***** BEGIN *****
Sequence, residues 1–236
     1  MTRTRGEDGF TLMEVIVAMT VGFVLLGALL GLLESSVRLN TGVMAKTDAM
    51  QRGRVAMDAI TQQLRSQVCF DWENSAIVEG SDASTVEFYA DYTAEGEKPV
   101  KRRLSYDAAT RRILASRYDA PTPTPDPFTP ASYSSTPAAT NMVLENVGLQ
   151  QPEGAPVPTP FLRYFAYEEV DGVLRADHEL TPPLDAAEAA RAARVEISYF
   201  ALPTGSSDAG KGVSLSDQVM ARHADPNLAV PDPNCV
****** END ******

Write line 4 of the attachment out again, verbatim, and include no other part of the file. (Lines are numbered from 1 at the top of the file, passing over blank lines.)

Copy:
   101  KRRLSYDAAT RRILASRYDA PTPTPDPFTP ASYSSTPAAT NMVLENVGLQ